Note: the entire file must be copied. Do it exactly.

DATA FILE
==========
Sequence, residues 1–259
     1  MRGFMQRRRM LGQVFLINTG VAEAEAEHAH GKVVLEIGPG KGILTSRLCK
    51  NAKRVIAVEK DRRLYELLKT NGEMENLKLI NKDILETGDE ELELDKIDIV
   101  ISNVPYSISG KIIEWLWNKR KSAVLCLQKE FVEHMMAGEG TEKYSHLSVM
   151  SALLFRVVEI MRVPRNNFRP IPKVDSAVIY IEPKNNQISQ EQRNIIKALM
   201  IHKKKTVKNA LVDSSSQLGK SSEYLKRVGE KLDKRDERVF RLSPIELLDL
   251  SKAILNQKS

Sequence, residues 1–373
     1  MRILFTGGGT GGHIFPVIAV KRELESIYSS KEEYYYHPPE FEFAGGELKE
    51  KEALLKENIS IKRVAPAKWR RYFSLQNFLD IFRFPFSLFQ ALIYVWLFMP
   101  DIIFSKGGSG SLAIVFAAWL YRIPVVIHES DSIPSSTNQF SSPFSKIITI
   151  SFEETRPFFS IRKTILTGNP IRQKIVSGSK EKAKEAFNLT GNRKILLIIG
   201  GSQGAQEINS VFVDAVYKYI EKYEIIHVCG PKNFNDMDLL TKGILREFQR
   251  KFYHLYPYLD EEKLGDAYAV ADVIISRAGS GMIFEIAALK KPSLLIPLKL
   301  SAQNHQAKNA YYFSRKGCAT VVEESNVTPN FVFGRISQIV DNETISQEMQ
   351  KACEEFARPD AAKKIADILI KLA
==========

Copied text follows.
Sequence, residues 1–259
     1  MRGFMQRRRM LGQVFLINTG VAEAEAEHAH GKVVLEIGPG KGILTSRLCK
    51  NAKRVIAVEK DRRLYELLKT NGEMENLKLI NKDILETGDE ELELDKIDIV
   101  ISNVPYSISG KIIEWLWNKR KSAVLCLQKE FVEHMMAGEG TEKYSHLSVM
   151  SALLFRVVEI MRVPRNNFRP IPKVDSAVIY IEPKNNQISQ EQRNIIKALM
   201  IHKKKTVKNA LVDSSSQLGK SSEYLKRVGE KLDKRDERVF RLSPIELLDL
   251  SKAILNQKS

Sequence, residues 1–373
     1  MRILFTGGGT GGHIFPVIAV KRELESIYSS KEEYYYHPPE FEFAGGELKE
    51  KEALLKENIS IKRVAPAKWR RYFSLQNFLD IFRFPFSLFQ ALIYVWLFMP
   101  DIIFSKGGSG SLAIVFAAWL YRIPVVIHES DSIPSSTNQF SSPFSKIITI
   151  SFEETRPFFS IRKTILTGNP IRQKIVSGSK EKAKEAFNLT GNRKILLIIG
   201  GSQGAQEINS VFVDAVYKYI EKYEIIHVCG PKNFNDMDLL TKGILREFQR
   251  KFYHLYPYLD EEKLGDAYAV ADVIISRAGS GMIFEIAALK KPSLLIPLKL
   301  SAQNHQAKNA YYFSRKGCAT VVEESNVTPN FVFGRISQIV DNETISQEMQ
   351  KACEEFARPD AAKKIADILI KLA